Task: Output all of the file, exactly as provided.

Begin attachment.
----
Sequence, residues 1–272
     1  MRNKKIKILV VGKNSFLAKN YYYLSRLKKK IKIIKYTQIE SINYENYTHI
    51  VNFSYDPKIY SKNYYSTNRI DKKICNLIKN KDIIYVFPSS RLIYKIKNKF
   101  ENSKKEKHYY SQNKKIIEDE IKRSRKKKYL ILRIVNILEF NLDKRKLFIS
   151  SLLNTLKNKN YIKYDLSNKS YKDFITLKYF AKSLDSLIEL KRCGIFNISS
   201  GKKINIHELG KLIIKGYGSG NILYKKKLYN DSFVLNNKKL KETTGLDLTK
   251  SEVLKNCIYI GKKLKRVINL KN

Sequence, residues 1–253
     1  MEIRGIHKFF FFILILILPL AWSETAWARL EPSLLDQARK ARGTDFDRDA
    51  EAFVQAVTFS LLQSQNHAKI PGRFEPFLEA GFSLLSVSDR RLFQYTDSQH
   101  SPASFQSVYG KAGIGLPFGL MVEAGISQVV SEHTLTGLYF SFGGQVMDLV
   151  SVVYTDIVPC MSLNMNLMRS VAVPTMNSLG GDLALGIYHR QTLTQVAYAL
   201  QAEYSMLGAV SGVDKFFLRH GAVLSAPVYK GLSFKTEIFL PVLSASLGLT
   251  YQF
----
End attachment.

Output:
Sequence, residues 1–272
     1  MRNKKIKILV VGKNSFLAKN YYYLSRLKKK IKIIKYTQIE SINYENYTHI
    51  VNFSYDPKIY SKNYYSTNRI DKKICNLIKN KDIIYVFPSS RLIYKIKNKF
   101  ENSKKEKHYY SQNKKIIEDE IKRSRKKKYL ILRIVNILEF NLDKRKLFIS
   151  SLLNTLKNKN YIKYDLSNKS YKDFITLKYF AKSLDSLIEL KRCGIFNISS
   201  GKKINIHELG KLIIKGYGSG NILYKKKLYN DSFVLNNKKL KETTGLDLTK
   251  SEVLKNCIYI GKKLKRVINL KN

Sequence, residues 1–253
     1  MEIRGIHKFF FFILILILPL AWSETAWARL EPSLLDQARK ARGTDFDRDA
    51  EAFVQAVTFS LLQSQNHAKI PGRFEPFLEA GFSLLSVSDR RLFQYTDSQH
   101  SPASFQSVYG KAGIGLPFGL MVEAGISQVV SEHTLTGLYF SFGGQVMDLV
   151  SVVYTDIVPC MSLNMNLMRS VAVPTMNSLG GDLALGIYHR QTLTQVAYAL
   201  QAEYSMLGAV SGVDKFFLRH GAVLSAPVYK GLSFKTEIFL PVLSASLGLT
   251  YQF